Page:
Trees and Shrubs of California

Each species has a page of text, including notes on habitat, morphology, and economic importance."—Michael Barbour, editor of California's Changing Landscapes "I love this book.

Trees and Shrubs of California

Author: John D. Stuart

Publisher: Univ of California Press

ISBN: 0520221109

Page: 467

View: 471

This accessible field guide identifies and describes native California tree species and most common shrubs in text complemented by more than 200 line drawings, 300 range maps, and 40 color photos.

Trees and Shrubs of California

CALIFORNIA BUCKEYE Aesculus californica ( Fig . 56 ; Pl . 12 ) DESCRIPTION : An erect , single- or multistemmed large shrub or small tree .

Trees and Shrubs of California

Author: John D. Stuart

Publisher: Univ of California Press

ISBN: 9780520221109

Page: 467

View: 479

A compact, portable field guide to all the trees and the most common shrubs of California. Illustrated with outstanding line drawings of each species and a color section with 40 photos. Copyright © Libri GmbH. All rights reserved.

Trees and Shrubs of Nevada and Placer Counties California

"Describes and illustrates with color photos over 200 species of trees, shrubs, and woody vines that grow in Nevada and Placer Counties, California.

Trees and Shrubs of Nevada and Placer Counties  California

Author: California Native Plant Society. Redbud Chapter

Publisher:

ISBN: 9780943460529

Page: 529

View: 829

"Describes and illustrates with color photos over 200 species of trees, shrubs, and woody vines that grow in Nevada and Placer Counties, California. Also provides a physical description of these two counties in the northern Sierra Nevada region area, places to see trees and shrubs, insect associates, Native American uses, and value to wildlife. Includes plant keys for the oaks, pines, and special coverage of willows"--Provided by publisher.

California Getting Started Garden Guide

"California Getting Started Garden Guide" features* Features 170 plant recommendations--chosen just for gardeners in California for their ease of growing and maintenance and for the beauty they offer * Every plant type--from flowers and ...

California Getting Started Garden Guide

Author: Bruce Asakawa

Publisher: Garden Guides

ISBN: 1591865476

Page: 240

View: 791

Full-color plant photos and complete growing instructions for the native plants of California.

California Garden Flowers Shrubs Trees and Vines Being Mainly Suggestions for Working Amateurs

The writing of this book has afforded him pleasure in his leisure moments, and that pleasure would be much increased if he knew that the perusal of it would create any bond of sympathy between himself and the angling community in general.

California Garden Flowers  Shrubs  Trees and Vines   Being Mainly Suggestions for Working Amateurs

Author: Edward J. Wickson

Publisher: Foreman Press

ISBN: 1406780065

Page: 288

View: 447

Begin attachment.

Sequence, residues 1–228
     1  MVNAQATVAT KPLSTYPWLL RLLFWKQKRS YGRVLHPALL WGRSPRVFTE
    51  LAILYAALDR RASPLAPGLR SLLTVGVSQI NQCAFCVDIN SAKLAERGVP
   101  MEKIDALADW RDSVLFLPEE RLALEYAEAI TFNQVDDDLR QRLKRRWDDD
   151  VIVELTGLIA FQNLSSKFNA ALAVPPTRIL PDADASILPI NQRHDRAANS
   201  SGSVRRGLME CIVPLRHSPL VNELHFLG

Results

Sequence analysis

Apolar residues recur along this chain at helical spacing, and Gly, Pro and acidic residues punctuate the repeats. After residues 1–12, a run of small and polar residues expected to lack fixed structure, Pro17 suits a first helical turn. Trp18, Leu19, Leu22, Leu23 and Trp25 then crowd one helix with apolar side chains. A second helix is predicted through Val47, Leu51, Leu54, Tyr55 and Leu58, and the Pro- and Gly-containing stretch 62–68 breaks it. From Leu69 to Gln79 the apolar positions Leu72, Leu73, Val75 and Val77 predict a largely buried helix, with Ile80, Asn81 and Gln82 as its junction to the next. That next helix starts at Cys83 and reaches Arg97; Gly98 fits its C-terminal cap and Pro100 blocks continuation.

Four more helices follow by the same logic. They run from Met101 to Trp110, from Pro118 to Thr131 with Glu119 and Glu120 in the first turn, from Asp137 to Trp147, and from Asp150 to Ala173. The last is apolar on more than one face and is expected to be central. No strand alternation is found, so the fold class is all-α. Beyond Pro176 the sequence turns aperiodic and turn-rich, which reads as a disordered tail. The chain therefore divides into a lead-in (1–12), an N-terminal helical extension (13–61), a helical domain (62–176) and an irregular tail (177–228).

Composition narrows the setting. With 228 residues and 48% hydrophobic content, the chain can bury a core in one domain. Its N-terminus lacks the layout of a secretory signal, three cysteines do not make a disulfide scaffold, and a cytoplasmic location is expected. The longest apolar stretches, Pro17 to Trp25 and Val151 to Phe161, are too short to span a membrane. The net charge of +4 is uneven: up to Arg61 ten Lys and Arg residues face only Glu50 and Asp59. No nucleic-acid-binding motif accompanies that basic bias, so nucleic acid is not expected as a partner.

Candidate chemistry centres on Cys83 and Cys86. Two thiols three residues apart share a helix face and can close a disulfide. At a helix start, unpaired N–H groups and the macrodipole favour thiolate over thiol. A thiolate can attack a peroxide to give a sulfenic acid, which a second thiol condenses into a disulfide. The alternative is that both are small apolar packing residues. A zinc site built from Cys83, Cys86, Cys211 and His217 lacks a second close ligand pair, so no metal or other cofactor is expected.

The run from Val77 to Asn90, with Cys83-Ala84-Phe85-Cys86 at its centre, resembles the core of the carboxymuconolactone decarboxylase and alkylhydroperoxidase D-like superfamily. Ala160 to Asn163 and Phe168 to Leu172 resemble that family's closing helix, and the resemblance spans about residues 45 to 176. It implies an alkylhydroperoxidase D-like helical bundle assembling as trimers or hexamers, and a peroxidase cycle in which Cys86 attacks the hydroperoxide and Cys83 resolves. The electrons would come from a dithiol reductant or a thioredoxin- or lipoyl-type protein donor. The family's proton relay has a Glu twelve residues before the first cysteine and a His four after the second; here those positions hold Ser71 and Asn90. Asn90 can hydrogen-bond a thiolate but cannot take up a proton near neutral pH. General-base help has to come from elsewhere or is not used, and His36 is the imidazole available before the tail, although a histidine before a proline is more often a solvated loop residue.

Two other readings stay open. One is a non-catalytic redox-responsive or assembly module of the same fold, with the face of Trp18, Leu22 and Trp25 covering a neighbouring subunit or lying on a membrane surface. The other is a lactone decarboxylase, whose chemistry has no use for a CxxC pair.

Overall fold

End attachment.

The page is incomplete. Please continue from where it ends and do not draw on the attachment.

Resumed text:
PREFACE. THE Author of this very practical treatise on Scotch Loch - Fishing desires clearly that it may be of use to all who had it. He does not pretend to have written anything new, but to have attempted to put what he has to say in as readable a form as possible. Everything in the way of the history and habits of fish has been studiously avoided, and technicalities have been used as sparingly as possible. The writing of this book has afforded him pleasure in his leisure moments, and that pleasure would be much increased if he knew that the perusal of it would create any bond of sympathy between himself and the angling community in general. This section is interleaved with blank shects for the readers notes. The Author need hardly say that any suggestions addressed to the case of the publishers, will meet with consideration in a future edition. We do not pretend to write or enlarge upon a new subject. Much has been said and written-and well said and written too on the art of fishing but loch-fishing has been rather looked upon as a second-rate performance, and to dispel this idea is one of the objects for which this present treatise has been written. Far be it from us to say anything against fishing, lawfully practised in any form but many pent up in our large towns will bear us out when me say that, on the whole, a days loch-fishing is the most convenient. One great matter is, that the loch-fisher is depend- ent on nothing but enough wind to curl the water, -and on a large loch it is very seldom that a dead calm prevails all day, -and can make his arrangements for a day, weeks beforehand whereas the stream- fisher is dependent for a good take on the state of the water and however pleasant and easy it may be for one living near the banks of a good trout stream or river, it is quite another matter to arrange for a days river-fishing, if one is looking forward to a holiday at a date some weeks ahead. Providence may favour the expectant angler with a good day, and the water in order but experience has taught most of us that the good days are in the minority, and that, as is the case with our rapid running streams, -such as many of our northern streams are, -the water is either too large or too small, unless, as previously remarked, you live near at hand, and can catch it at its best. A common belief in regard to loch-fishing is, that the tyro and the experienced angler have nearly the same chance in fishing, -the one from the stern and the other from the bow of the same boat. Of all the absurd beliefs as to loch-fishing, this is one of the most absurd. Try it. Give the tyro either end of the boat he likes give him a cast of ally flies he may fancy, or even a cast similar to those which a crack may be using and if he catches one for every three the other has, he may consider himself very lucky. Of course there are lochs where the fish are not abundant, and a beginner may come across as many as an older fisher but we speak of lochs where there are fish to be caught, and where each has a fair chance. Again, it is said that the boatman has as much to do with catching trout in a loch as the angler. Well, we dont deny that. In an untried loch it is necessary to have the guidance of a good boatman but the same argument holds good as to stream-fishing...